Muscle oxygenation was measured using an NIRS technique as described elsewhere (6). The NIRS device (Portamon; Artinis, Zetten, The Netherlands) was used to measure changes in muscle oxygenation by placing a triple optode sensor on the muscle belly of the right arms m. triceps brachii with an interoptode spacing of 40 mm. The probe was protected with a thin transparent plastic sheet and then attached to the skin with a double-sided tape and firmly fastened with an opaque cotton elastic band wrapped around the subjects’ arms. The position of the probe was marked during pretraining with a permanent pen for accurate repositioning. Differential pathlength factor was set to 3.79 and 4.67 in males and females, respectively (13). All signals were recorded with a sampling frequency of 20 Hz. They were downsampled at 10 Hz using MATLAB (MATLAB Software, Nattick, MA) routine resample. Then, a 10th-order low-pass zero-phase Butterworth filter (cutoff frequency, 0.1 Hz) was applied to the resampled signals to remove possible artifacts and smooth the movement-induced perturbations. Automatic detection of the start and end times of the successive sprints was obtained by estimating the filtered deoxyhemoglobin signal upper and lower envelopes using local minima and maxima in a sliding window of 400 samples length (4 s). The starting and end times were obtained as the times of contact between the envelopes and the signal. This allowed determination of maximum and minimum for each signal during the successive sprint and recovery phases.
Concentrations for deoxyhemoglobin ([HHb]) and total hemoglobin/myoglobin ([tHb]) were recorded. Because [HHb] values were proposed to be less sensitive to blood flow variations than oxyhemoglobin (O2Hb) (11) and changes in O2Hb signals might be confounded by rapid blood volume changes during sprints (7), only [HHb] and [tHb] were analyzed for relevant interpretations. Differences between maximum and minimum concentrations were defined as the amplitude of the variation for each sprint (Δ[tHb] and Δ[HHb]), and Δ[tHb] was used as an index of blood perfusion (15). Thus, for example, at the beginning of each sprint, a maximum in [tHb] is observed (i.e., end of each recovery period) and [tHb] decreases to reach a minimum value at the end of each sprint. The concentration recorded during a 3-min seated rest with no arm movement was set as 100% for standardization (Fig. 3). So, amplitudes for each sprint (i.e., Δ[tHb] and Δ[HHb]) and the average value for all sprints throughout the RSA test (i.e., Δ[tHb]av and Δ[HHb]av) were calculated.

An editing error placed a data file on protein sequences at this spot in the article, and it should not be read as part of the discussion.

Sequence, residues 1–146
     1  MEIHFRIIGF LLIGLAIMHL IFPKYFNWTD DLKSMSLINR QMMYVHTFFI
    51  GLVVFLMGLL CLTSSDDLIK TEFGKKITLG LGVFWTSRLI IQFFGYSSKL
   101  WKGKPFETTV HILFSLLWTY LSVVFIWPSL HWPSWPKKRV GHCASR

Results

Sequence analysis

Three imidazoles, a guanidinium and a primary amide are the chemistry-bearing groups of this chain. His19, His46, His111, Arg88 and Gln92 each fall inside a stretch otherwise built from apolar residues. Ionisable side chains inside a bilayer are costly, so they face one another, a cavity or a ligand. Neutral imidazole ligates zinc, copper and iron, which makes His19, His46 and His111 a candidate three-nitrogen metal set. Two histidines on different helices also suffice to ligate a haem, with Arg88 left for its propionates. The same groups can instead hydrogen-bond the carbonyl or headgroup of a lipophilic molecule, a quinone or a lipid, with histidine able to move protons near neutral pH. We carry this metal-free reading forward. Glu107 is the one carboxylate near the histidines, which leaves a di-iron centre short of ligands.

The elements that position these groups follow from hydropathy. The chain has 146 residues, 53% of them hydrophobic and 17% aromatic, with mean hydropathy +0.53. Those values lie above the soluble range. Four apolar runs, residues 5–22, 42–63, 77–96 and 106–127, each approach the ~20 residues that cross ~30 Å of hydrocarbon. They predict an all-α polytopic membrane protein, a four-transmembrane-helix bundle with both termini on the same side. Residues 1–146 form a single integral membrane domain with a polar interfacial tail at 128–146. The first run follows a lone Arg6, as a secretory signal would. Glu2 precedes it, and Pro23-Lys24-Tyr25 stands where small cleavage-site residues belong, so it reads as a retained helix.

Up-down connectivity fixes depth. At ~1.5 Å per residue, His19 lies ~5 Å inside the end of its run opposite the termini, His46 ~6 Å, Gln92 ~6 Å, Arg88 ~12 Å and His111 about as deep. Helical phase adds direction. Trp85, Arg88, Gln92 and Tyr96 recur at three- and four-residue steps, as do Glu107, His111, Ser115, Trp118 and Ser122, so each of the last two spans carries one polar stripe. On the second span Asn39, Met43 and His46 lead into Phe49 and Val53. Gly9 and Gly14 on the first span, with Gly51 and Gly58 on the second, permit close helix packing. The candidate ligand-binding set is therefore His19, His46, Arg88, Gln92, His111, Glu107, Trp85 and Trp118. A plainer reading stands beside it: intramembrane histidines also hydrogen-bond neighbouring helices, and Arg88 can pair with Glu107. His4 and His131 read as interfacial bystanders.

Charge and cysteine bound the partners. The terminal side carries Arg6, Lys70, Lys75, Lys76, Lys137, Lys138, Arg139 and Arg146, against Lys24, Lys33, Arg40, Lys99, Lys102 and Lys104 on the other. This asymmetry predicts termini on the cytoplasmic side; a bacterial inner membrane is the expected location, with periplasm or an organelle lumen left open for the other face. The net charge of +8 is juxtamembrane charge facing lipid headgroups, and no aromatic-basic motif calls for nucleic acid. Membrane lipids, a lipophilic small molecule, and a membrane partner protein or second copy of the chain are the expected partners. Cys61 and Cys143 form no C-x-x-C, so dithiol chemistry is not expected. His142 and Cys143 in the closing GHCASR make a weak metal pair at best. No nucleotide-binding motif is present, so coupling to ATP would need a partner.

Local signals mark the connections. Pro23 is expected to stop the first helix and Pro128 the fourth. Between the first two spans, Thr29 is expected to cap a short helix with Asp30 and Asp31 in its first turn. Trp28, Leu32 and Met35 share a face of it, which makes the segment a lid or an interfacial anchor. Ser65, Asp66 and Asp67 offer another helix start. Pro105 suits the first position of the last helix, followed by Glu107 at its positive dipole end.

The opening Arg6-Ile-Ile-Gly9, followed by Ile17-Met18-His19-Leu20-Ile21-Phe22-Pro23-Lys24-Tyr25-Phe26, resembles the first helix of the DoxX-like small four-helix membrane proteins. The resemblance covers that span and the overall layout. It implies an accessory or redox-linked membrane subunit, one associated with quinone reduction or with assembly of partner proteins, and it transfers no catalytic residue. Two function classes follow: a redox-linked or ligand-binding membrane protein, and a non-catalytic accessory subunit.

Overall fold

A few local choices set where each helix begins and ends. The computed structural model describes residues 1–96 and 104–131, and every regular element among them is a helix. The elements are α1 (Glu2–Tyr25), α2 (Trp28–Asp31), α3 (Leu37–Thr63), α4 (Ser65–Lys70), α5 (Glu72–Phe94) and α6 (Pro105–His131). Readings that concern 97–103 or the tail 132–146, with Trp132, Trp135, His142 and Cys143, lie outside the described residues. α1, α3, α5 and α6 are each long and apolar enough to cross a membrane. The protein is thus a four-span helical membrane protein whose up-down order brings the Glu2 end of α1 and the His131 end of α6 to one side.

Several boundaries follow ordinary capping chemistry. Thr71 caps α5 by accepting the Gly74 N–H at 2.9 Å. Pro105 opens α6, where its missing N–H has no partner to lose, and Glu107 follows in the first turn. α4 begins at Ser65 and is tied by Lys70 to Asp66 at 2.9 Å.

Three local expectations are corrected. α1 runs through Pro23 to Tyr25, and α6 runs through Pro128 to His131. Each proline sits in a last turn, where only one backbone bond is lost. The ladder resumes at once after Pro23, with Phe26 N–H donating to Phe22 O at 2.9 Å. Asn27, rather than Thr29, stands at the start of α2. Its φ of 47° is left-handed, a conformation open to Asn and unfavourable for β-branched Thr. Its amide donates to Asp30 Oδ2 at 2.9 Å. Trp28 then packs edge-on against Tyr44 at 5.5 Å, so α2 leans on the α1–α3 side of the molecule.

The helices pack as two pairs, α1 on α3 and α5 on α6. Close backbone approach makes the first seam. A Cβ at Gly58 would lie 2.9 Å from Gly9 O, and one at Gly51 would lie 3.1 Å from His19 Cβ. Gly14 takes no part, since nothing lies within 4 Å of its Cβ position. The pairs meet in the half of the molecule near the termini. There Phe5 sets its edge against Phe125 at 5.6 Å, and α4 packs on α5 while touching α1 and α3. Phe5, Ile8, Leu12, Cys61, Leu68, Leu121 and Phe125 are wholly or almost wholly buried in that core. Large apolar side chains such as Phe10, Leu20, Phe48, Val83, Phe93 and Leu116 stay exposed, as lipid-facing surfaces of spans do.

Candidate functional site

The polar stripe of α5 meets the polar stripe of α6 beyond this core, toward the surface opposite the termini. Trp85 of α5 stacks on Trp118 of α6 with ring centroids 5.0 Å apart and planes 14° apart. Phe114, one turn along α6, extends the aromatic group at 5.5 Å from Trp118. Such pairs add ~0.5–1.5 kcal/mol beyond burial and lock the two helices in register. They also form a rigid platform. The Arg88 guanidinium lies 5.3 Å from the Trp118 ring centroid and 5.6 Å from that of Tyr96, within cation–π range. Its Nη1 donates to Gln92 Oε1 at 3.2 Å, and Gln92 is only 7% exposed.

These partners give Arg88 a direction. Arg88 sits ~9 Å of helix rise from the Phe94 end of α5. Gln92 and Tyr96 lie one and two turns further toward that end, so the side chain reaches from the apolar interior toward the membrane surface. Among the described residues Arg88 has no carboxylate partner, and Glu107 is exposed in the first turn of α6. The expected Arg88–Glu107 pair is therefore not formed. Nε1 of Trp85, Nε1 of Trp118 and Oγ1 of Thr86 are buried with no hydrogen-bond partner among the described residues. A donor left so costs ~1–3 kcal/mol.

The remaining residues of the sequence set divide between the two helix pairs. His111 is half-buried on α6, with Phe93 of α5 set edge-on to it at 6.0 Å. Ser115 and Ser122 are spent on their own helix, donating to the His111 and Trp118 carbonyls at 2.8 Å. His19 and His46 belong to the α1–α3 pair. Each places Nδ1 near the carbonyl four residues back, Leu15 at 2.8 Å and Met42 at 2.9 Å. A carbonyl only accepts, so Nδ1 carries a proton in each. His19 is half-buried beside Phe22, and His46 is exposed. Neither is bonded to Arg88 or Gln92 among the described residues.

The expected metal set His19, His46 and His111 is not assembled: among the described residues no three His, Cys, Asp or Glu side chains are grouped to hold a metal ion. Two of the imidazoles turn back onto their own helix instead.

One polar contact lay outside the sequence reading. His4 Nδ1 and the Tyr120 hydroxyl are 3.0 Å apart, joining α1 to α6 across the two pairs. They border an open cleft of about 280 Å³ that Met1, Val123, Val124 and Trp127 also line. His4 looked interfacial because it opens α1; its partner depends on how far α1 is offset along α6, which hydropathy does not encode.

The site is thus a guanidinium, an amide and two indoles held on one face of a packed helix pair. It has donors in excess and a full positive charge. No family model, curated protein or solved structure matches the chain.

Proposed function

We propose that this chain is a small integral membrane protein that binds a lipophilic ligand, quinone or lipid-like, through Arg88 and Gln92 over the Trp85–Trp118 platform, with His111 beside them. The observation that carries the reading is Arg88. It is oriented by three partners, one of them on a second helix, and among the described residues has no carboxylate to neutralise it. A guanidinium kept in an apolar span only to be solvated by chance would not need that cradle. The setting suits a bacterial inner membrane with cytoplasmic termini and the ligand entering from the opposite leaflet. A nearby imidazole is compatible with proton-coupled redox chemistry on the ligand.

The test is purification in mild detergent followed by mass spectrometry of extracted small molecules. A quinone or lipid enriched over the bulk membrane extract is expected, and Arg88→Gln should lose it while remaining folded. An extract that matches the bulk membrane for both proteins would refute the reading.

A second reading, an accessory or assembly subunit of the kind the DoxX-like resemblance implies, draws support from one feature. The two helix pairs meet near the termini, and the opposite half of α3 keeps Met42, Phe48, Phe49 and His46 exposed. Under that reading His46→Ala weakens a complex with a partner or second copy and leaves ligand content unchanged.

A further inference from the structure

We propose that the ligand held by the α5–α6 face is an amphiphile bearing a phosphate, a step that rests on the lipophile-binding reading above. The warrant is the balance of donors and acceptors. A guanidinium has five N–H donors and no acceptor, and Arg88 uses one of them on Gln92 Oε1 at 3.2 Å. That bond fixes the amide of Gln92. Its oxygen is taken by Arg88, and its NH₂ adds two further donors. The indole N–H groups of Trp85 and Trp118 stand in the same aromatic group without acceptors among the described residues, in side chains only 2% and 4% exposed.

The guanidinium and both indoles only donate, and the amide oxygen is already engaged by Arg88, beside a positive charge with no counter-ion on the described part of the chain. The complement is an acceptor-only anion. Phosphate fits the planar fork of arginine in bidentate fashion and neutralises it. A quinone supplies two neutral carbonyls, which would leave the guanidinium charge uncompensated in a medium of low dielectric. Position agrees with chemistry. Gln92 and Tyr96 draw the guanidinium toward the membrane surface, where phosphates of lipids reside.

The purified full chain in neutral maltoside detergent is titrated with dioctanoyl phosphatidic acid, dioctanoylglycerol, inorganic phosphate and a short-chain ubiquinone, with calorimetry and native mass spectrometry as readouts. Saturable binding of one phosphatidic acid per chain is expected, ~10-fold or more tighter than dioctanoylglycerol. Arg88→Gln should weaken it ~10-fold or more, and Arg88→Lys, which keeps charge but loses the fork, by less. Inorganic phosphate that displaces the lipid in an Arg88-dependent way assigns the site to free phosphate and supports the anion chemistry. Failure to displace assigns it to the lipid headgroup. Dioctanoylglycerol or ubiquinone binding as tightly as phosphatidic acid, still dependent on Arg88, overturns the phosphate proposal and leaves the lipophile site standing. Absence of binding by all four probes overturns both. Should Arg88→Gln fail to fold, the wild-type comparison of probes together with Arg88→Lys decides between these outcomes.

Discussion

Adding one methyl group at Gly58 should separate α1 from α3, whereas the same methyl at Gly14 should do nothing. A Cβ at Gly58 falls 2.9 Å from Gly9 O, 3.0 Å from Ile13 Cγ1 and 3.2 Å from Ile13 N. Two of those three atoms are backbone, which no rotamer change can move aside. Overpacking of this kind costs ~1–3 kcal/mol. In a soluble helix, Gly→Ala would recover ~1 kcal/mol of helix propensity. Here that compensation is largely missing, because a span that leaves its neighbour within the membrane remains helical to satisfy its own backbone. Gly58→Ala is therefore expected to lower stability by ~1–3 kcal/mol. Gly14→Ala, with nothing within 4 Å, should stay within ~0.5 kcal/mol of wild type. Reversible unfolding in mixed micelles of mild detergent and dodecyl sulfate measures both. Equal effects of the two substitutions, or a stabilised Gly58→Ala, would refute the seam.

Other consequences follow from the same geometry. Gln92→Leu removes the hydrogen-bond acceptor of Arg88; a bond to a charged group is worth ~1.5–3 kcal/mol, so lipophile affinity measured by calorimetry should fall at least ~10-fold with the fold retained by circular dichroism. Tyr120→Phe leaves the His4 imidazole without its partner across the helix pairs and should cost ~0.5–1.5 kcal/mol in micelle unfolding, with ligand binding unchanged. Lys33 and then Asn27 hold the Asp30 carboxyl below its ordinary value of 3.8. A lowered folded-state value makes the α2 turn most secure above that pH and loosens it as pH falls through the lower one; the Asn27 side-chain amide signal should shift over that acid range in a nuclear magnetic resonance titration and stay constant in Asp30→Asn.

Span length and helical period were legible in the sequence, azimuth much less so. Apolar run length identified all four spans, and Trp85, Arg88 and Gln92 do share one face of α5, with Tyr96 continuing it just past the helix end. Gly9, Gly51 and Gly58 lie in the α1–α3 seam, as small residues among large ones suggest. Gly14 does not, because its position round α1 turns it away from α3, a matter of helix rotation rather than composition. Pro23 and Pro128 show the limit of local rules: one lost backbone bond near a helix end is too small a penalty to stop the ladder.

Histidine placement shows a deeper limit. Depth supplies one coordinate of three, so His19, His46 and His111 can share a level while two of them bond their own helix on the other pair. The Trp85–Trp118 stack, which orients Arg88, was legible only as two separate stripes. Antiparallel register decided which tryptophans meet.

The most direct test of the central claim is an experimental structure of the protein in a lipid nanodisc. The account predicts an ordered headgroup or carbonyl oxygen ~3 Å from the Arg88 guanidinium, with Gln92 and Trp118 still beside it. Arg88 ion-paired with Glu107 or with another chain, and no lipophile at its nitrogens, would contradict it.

Surface EMG signals were recorded from the triceps brachii, latissimus dorsi, rectus abdominis, and soleus muscles from one side of the body (randomized, right, or left) using surface electrodes (Ambu A/S, Ballerup, Denmark), TeleMyo 2400 T G2™ data logger (Noraxon, Cologne, Germany), and MyoResearch XP Master Edition® software version 1.08.27 (Noraxon, Scottsdale, AZ). Surface electrodes (Ambu® Blue Sensor N; Ambu A/S, Ballerup, Denmark) were positioned with 20 mm of interelectrode distance on the prepared skin (impedance, <5 kΩ) after muscle belly identification by palpation of the contracted muscle and marked for proper repositioning after testing. Athletes performed a series of previously practiced 5-s maximal isometric voluntary contractions (MVC) to normalize the data to each individual. Before calculation of EMG variables, all raw signals were processed first to determine the MVC using the IIR filter with a band pass 20- to 400-Hz Butterworth approximation then treated with EMG reduction in the latissimus dorsi channel, followed by RMS smoothing with a window of 100 ms and amplitude normalization to the peak value with a window of 250 ms. Calculations were performed to assess the mean amplitude expressed in percentage of MVC during both performance tests. Analyses of the RSA included calculation of the average of all cycles performed during each 10-s sprint period. Thirty-second averages were used for the analysis of the TS data.